THE WHITE HOUSE
Office of the Press Secretary
WHITE HOUSE TO REVIEW STATE ROLE IN SCIENCE AND TECHNOLOGY PROGRAMS
John H. Gibbons, Assistant to the President for Science and Technology, announced today the initiation of an interagency review of science and technology programs to help foster better state and federal government cooperation to advance national goals. The review has been initiated in response to growing state investments in science and technology and the need to enhance state-federal partnerships to realize greater national benefits.
Speaking in Washington, Gibbons said, "This Administration is committed to investing in science and technology to help provide the American people with a growing economy, cleaner environment, better health, a stronger defense and improved quality of life. As we look to the future, we want to strengthen the partnership between the federal government and the states to advance these national goals."
U.S. Department of Commerce Undersecretary for Technology Mary Good will lead the federal, interagency review to be conducted under the auspices of the National Science and Technology Council. The National Science and Technology Council is a Cabinet-level council, chaired by the President, comprising representatives from all federal science and technology agencies.
Gibbons made the announcement at the first meeting of the newly created State- Federal Technology Partnership Task Force, an independent panel established by the Carnegie Commission on Science, Technology and Government in collaboration with the National Governors' Association, National Conference of State Legislatures, and the American Society of Mechanical Engineers.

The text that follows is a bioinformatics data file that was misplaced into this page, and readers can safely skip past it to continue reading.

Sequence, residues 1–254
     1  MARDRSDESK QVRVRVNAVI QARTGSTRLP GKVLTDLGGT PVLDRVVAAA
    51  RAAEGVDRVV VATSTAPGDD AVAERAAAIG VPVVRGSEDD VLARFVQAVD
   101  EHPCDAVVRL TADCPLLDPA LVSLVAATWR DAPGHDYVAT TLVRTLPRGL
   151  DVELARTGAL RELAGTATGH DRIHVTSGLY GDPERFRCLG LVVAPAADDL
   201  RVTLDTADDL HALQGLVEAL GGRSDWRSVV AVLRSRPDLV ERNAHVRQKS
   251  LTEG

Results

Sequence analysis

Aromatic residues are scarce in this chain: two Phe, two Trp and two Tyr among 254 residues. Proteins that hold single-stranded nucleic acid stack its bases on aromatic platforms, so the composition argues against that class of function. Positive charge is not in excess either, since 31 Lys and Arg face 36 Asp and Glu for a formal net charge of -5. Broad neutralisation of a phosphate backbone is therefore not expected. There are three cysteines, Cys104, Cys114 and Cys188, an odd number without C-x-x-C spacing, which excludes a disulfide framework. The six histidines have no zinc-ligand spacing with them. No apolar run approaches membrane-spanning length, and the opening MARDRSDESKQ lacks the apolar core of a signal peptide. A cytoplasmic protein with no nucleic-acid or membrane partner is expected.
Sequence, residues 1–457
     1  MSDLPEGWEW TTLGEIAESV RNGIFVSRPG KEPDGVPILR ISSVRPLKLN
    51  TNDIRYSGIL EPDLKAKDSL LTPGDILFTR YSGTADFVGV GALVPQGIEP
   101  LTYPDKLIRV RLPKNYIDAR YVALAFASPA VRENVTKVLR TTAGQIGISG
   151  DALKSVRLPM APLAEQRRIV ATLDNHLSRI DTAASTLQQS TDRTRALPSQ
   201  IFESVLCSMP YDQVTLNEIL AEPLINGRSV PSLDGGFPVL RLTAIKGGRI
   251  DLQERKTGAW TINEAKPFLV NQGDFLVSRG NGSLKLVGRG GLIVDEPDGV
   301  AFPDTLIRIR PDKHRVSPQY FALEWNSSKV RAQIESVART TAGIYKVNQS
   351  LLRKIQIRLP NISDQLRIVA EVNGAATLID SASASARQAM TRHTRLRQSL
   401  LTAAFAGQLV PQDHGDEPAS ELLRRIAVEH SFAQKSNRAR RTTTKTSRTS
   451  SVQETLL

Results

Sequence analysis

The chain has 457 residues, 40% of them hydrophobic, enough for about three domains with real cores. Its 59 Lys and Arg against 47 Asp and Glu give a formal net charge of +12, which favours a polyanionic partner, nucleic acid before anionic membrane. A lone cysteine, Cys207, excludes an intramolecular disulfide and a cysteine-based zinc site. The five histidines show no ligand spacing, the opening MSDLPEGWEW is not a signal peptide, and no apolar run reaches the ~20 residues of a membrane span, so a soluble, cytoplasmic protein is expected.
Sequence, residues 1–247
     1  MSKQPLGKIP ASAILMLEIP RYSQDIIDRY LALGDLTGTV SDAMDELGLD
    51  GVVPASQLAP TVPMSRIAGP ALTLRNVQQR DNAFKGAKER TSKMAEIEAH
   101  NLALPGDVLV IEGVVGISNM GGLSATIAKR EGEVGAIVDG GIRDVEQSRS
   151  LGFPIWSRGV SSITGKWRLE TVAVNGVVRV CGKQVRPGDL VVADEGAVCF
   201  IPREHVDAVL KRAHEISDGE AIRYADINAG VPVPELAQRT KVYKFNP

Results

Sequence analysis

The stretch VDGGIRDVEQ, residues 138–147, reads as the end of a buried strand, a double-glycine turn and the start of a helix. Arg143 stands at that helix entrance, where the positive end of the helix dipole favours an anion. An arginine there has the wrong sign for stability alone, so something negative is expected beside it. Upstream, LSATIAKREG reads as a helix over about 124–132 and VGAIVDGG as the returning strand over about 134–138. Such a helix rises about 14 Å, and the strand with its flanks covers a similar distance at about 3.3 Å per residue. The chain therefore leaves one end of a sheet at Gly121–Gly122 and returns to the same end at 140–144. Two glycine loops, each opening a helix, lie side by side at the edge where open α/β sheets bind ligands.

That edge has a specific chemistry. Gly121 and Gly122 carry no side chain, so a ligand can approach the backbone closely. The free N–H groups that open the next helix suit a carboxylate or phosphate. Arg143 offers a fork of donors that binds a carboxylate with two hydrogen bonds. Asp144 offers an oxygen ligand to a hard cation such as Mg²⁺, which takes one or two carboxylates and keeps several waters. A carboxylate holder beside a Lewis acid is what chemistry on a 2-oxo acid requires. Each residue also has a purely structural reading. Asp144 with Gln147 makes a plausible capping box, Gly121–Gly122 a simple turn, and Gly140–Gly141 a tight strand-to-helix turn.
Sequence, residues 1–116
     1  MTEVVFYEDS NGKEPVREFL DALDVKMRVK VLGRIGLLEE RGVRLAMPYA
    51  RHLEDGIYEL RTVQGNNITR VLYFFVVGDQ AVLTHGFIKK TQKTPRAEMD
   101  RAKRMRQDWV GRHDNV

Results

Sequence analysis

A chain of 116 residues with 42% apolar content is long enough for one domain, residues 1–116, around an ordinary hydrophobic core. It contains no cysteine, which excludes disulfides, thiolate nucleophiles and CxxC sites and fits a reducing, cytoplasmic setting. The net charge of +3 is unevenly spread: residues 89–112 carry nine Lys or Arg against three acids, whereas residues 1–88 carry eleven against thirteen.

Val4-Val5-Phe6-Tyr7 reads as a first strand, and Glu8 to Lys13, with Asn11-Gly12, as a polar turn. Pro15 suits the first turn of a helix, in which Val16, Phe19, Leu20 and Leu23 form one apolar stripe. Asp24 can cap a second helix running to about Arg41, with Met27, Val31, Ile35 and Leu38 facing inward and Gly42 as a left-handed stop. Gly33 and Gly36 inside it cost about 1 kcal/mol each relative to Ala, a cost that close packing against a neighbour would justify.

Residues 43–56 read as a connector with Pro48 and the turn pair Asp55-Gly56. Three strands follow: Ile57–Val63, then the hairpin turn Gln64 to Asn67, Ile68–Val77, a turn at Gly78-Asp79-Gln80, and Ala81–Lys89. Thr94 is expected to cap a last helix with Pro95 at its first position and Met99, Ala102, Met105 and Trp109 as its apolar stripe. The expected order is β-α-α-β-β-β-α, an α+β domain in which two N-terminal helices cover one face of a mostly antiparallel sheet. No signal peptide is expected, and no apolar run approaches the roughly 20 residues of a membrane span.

The Task Force, chaired by former Governor Richard Celeste and former Governor Richard Thornburgh, comprises 20 national leaders including Governors, state legislators, and chief executives from business and academia. The Task Force is examining ways to more effectively utilize the nation's science and technology resources by taking advantage of the special capabilities of the states. A preliminary report of the Task Force is expected to be delivered to Gibbons this summer.
Gibbons pledged cooperation with the Task Force as the federal review proceeds, noting that "the strength of the state-federal partnership is in its diversity. The states have demonstrated their unique capabilities in harnessing industry, universities and government in cooperative ventures that spur economic growth. The federal government brings unparalleled expertise and resources in basic and applied research. A union of these complementary strengths will benefit all Americans."
Thornburgh affirmed this cooperative effort, stating, "We strongly believe that states-- those time-honored laboratories of democracy-- have the ability to bring enormous new value to the nation's science and technology system." Celeste added, "The time is right to apply the lessons of past state-federal partnerships to future cooperative efforts."
Gibbons and National Governors' Association Chairman and Vermont Governor Howard Dean had previously announced their intention to initiate efforts to strengthen state-federal science and technology partnerships at a State-Federal Science and Technology Partnership Symposium in Washington on January 26. State and federal representatives at the symposium noted that improved state-federal partnerships can enhance national science and technology investments critical to strengthening the economy, protecting the environment, improving education, and assuring national security.
Contact: Rick Borchelt, 202-456-6018
Barry Epstein, 202-456-6076